Once Jeff earned the reputation for his cattle getting out, he learns he's stuck with it, even 12 years later. A call from Deputy Knotts reminded him of the previous runaway event....
There's nothing like a relaxing evening at home. There's also nothing like breaking it up with a phone call just before 10:00. Since it was my land line, I figured it was either my mother or some brain surgery patient calling with a question.
Nope, not even close.
"Jeff, this is Officer Don Knotts with the Winneshiek County Sheriff's Department."
Yep, that'll pretty much remove any drowsiness you may have at that hour.
"We have a report of some cattle out in the 3200 block of Highway 9. I looked at the directory here and we show a Roger Ryan and a Jeff Ryan pretty close together in that area, so we figured they might be yours."
Whoa, hold on a minute here, Deputy! You got a call about loose cattle and your default assumption was to peg me as the source? REALLY?! Has it come to that? Did you even look at the map first, or did you kinda ballpark it and assume?
I told Deputy Knotts that I would run out and take a look.
"Okay," he replied. "Usually the best thing for us to do is to call a farmer. You guys all know one another, and whose cattle they are, and you usually know where they're supposed to go, so you can get it figured out better than we can. There's not much we can do from the office here, but if you need us for anything, I mean, don't be afraid to call."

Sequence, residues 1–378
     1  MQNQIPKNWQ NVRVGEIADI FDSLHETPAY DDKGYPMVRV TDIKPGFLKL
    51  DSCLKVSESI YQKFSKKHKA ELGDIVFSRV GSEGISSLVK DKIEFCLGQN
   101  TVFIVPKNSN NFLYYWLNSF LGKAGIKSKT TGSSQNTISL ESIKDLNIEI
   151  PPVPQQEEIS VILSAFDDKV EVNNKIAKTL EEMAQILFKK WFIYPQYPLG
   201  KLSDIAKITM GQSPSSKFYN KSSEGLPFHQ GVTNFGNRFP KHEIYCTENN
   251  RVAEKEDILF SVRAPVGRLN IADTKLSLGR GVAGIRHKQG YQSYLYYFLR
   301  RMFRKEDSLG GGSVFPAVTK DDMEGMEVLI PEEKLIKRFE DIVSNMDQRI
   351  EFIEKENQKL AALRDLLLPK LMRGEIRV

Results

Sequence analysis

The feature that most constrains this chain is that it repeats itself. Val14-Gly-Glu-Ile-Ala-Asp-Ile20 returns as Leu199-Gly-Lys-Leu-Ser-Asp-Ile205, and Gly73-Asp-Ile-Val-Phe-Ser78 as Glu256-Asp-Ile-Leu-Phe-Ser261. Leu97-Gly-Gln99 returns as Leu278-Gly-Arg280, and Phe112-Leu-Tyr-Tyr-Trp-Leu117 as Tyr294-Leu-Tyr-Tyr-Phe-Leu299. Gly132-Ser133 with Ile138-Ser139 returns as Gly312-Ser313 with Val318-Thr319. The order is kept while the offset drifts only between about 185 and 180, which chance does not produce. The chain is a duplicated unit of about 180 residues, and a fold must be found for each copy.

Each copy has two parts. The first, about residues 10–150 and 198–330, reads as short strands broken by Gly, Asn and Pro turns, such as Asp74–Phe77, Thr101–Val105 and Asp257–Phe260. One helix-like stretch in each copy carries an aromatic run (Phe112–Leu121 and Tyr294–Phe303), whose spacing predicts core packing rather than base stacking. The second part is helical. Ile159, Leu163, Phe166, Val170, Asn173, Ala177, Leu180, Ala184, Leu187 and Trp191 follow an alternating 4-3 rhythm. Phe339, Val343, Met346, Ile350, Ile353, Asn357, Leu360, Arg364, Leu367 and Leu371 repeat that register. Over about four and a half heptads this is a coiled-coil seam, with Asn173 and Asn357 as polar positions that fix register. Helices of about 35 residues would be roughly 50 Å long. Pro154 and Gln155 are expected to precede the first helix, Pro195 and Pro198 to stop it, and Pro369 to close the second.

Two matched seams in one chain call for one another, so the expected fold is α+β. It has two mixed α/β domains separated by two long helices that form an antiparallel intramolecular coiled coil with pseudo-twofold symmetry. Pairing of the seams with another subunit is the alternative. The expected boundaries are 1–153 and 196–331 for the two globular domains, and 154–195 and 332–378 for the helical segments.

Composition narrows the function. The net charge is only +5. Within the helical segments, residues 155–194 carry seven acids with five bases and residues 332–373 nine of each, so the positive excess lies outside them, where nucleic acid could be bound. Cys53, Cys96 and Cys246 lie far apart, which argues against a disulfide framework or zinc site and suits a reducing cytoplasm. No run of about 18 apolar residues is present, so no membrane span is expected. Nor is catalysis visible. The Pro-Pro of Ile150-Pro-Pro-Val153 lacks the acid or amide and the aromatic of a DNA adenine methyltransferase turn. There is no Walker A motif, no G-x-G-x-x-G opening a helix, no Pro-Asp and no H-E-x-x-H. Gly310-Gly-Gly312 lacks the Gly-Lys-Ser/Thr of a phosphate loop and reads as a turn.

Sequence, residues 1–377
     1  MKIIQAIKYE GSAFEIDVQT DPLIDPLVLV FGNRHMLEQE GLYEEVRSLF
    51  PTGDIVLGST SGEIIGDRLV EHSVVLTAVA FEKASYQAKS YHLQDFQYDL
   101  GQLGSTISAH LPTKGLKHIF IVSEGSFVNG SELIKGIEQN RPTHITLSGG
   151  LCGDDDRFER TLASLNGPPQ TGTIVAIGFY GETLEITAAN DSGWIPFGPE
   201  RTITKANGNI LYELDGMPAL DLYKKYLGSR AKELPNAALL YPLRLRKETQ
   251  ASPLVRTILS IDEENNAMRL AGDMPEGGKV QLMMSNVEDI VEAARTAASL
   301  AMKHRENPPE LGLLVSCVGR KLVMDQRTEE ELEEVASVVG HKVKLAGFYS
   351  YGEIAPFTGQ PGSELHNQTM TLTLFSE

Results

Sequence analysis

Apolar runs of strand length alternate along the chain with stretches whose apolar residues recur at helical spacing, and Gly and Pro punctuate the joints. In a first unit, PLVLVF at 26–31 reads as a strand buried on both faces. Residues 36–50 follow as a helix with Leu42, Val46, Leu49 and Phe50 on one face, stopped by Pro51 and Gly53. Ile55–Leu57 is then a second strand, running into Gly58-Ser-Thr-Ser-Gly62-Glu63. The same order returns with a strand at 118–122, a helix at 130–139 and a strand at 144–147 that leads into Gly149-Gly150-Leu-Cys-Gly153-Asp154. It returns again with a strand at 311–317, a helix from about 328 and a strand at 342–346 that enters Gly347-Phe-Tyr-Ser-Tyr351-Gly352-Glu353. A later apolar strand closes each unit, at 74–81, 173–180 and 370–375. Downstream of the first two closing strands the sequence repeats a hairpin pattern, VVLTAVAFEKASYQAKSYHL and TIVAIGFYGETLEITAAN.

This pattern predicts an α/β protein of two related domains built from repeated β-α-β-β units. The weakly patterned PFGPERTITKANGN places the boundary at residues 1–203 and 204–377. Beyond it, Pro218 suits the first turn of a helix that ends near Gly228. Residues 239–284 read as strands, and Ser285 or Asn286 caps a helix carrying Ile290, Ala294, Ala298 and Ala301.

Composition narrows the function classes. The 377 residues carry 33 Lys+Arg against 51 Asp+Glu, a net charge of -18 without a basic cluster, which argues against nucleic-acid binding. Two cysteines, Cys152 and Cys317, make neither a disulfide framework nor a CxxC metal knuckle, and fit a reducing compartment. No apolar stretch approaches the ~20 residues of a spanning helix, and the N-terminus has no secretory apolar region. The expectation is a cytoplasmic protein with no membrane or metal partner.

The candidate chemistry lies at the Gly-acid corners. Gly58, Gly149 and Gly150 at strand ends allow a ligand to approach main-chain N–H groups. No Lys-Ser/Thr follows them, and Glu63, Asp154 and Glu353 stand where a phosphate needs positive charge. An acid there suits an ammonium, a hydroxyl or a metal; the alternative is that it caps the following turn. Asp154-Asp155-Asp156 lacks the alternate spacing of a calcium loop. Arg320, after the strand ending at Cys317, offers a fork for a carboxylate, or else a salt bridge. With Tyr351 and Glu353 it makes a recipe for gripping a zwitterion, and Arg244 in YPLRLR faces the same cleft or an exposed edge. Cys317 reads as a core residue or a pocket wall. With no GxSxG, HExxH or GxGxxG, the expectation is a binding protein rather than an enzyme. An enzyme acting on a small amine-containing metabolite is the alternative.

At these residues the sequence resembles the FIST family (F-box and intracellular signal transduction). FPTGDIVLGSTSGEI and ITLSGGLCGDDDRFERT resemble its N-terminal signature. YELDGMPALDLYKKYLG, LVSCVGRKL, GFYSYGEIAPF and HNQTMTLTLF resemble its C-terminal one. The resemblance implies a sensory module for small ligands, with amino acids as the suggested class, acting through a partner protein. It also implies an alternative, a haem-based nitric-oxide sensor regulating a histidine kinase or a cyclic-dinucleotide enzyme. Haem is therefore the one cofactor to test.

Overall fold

Duly noted. I hope that your evening marathon of Everybody Loves Raymond reruns on TVLand isn't interrupted by other calls. Hate to see you fire up a cruiser to go investigate something and blow the budget clean out of the water.
Off the top of my head, I was puzzled on multiple fronts. I'd been outside not that long before the call and everything was in its place. The feedlot cattle had been fed an hour or two before and seemed quite content. The cowherd had been rotated to a new pasture a couple days before, and it was at the other end of the place, so any escapes from there should have either gone west into Howard County or encountered traffic on the gravel road before they made it to Highway 9.
I hopped on the Polaris Ranger and made a quick trip around my own building site to ease my fears. Everything looked fine. The bunks were lined with dozens and dozens of contented animals with lots of feed in front of them. The gates were all upright and chained shut like they should be. There wasn't even any bellering going on at the moment.